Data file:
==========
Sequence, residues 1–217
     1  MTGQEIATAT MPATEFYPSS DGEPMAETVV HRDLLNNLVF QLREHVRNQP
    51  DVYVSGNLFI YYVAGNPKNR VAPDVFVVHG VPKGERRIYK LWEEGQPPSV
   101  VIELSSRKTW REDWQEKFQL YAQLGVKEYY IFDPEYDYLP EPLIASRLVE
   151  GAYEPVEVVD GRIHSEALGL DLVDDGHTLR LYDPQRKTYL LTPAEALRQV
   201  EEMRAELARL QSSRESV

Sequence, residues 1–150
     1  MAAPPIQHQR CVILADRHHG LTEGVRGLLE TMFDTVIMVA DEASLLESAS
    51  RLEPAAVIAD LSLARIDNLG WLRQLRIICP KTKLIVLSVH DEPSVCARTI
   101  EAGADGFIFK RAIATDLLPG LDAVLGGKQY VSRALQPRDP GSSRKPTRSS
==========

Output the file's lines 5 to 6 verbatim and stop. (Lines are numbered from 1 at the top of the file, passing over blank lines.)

   151  GAYEPVEVVD GRIHSEALGL DLVDDGHTLR LYDPQRKTYL LTPAEALRQV
   201  EEMRAELARL QSSRESV